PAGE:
Clear. Understood.

Thanks, TA13.
Happy Easter
Member Since: April 29, 2006 Posts: 159 Comments: 19392
15. Thrawst
4:07 AM GMT on April 21, 2014
Thank you, Cody.
Member Since: July 18, 2010 Posts: 50 Comments: 1909
14. Astrometeor
3:55 AM GMT on April 21, 2014
3 months and 9 days later, Cody posts a new blog.

Thanks Cody.
Member Since: July 2, 2012 Posts: 101 Comments: 10500
13. TylerStanfield
3:14 AM GMT on April 21, 2014
Quoting 12. TropicalAnalystwx13:


Well, the whole premise of us being in the active era comes from the fact that the AMO turned positive in 1995. It's not positive this year. As far as us being in an era of greater observation due to enhanced technology, I did debate going higher with my numbers. Given the potential for a strong El Nino though, I went lower. We'll see.

True, I didn't use the "active period" for a reasoning to go higher with my numbers.
See 930. on Dr. Master's blog for more.
Member Since: June 2, 2013 Posts: 9 Comments: 1414
12. TropicalAnalystwx13
3:11 AM GMT on April 21, 2014
Quoting 7. TylerStanfield:

Great post Cody!
Still leaning toward 10 Named Storms, 4 Hurricanes, and 1 Major.
We are in the active, and satellite era, you know.
I think we will see a season similar to 1982 or 1997, but with more of the component of activity focused in the subtropics like 1997 and 1991 did.

Well, the whole premise of us being in the active era comes from the fact that the AMO turned positive in 1995. It's not positive this year. As far as us being in an era of greater observation due to enhanced technology, I did debate going higher with my numbers. Given the potential for a strong El Nino though, I went lower. We'll see.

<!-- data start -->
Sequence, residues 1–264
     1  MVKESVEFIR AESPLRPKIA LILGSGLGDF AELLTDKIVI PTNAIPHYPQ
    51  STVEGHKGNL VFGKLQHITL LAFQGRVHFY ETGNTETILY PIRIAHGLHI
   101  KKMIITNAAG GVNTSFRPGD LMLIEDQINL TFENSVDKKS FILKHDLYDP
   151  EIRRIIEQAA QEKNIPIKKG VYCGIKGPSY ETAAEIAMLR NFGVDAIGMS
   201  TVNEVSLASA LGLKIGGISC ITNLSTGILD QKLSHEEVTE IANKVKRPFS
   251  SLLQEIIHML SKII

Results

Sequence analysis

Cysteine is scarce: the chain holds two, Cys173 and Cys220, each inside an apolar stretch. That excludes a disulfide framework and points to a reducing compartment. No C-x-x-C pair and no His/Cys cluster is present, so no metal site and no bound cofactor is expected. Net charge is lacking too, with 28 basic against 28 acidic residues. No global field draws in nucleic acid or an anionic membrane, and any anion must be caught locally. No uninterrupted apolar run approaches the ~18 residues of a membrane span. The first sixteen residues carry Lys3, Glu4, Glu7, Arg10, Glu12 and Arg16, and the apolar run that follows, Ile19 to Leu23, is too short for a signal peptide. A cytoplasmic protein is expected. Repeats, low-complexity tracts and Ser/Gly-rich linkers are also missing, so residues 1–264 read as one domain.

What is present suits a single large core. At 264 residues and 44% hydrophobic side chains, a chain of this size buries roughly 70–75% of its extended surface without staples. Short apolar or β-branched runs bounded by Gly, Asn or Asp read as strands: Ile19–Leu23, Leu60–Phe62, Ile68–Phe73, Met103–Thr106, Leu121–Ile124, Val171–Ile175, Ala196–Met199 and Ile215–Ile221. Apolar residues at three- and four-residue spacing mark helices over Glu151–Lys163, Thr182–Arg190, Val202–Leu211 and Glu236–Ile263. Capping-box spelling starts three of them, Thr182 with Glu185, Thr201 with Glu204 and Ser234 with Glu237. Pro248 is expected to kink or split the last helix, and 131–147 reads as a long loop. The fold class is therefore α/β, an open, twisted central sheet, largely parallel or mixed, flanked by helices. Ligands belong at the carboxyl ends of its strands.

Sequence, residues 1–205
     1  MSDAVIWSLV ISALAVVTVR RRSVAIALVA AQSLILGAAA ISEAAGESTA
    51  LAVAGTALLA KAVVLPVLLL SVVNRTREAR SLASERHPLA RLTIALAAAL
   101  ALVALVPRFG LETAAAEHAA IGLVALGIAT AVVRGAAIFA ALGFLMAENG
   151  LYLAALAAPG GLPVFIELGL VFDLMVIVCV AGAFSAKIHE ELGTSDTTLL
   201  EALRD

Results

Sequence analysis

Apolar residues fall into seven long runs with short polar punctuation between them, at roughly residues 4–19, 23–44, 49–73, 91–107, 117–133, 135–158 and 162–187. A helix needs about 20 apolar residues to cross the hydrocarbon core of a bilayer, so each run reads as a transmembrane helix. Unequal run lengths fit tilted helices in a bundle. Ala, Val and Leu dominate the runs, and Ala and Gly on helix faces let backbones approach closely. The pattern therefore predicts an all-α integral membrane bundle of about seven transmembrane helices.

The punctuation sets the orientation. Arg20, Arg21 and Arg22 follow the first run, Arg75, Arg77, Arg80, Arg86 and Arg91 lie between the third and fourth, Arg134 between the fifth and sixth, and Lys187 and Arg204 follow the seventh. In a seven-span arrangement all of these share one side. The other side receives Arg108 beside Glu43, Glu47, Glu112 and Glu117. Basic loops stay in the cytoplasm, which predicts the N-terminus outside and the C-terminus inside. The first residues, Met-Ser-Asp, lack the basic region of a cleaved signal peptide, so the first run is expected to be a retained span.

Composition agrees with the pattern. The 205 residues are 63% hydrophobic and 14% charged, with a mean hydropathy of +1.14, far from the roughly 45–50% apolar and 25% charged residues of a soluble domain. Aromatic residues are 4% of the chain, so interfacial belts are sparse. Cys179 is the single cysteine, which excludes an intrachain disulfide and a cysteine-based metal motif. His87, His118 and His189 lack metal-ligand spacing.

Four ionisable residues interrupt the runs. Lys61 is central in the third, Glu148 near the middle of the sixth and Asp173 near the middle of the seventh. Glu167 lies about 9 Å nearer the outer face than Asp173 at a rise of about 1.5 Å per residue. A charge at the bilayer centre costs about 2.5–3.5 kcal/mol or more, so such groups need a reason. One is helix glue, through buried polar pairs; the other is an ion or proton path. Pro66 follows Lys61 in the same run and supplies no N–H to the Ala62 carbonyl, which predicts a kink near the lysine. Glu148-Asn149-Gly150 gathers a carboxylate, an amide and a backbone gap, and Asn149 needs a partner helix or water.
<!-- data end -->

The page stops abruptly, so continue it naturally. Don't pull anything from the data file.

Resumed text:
Member Since: July 6, 2010 Posts: 113 Comments: 32863
11. StormTrackerScott
3:10 AM GMT on April 21, 2014
Daniel Swain @Weather_West

New Wly wind burst likely to extend well east of Dateline; may kick #ElNino evolution into high gear

Link
Member Since: February 28, 2013 Posts: 9 Comments: 4768
10. StormTrackerScott
3:07 AM GMT on April 21, 2014
Quoting 9. Bluestorm5:
Another great blog as usual. I can see you climbing up the latter pretty quickly in tropical meteorology. Hopefully I'll get my own 2014 forecast blog up during the month of May when I do not have school.



Which is why I might push it higher than most people in term of number of storms but I haven't made my final decision yet.


8 3 1 are my numbers. First storm might come in May.
Member Since: February 28, 2013 Posts: 9 Comments: 4768
9. Bluestorm5
3:03 AM GMT on April 21, 2014
Another great blog as usual. I can see you climbing up the latter pretty quickly in tropical meteorology. Hopefully I'll get my own 2014 forecast blog up during the month of May when I do not have school.

Quoting 7. TylerStanfield:

Great post Cody!
Still leaning toward 10 Named Storms, 4 Hurricanes, and 1 Major.
We are in the active, and satellite era, you know.
I think we will see a season similar to 1982 or 1997, but with more of the component of activity focused in the subtropics like 1997 and 1991 did.


Which is why I might push it higher than most people in term of number of storms but I haven't made my final decision yet.
Member Since: August 1, 2011 Posts: 28 Comments: 8075
8. StormTrackerScott
3:02 AM GMT on April 21, 2014
Quoting 6. TropicalAnalystwx13:

The idea of above-average SSTs "spilling over" doesn't make much sense to me. The warm water there exists because of westerly trade winds; trade winds can't "spill over" land, and Central America divides the East Pacific from the Atlantic. I think waters in the Caribbean Sea will stay generally above-average regardless.


I think maybe he was referring to tropical moisture spilling over causing potential systems to form. I could be wrong though.
Member Since: February 28, 2013 Posts: 9 Comments: 4768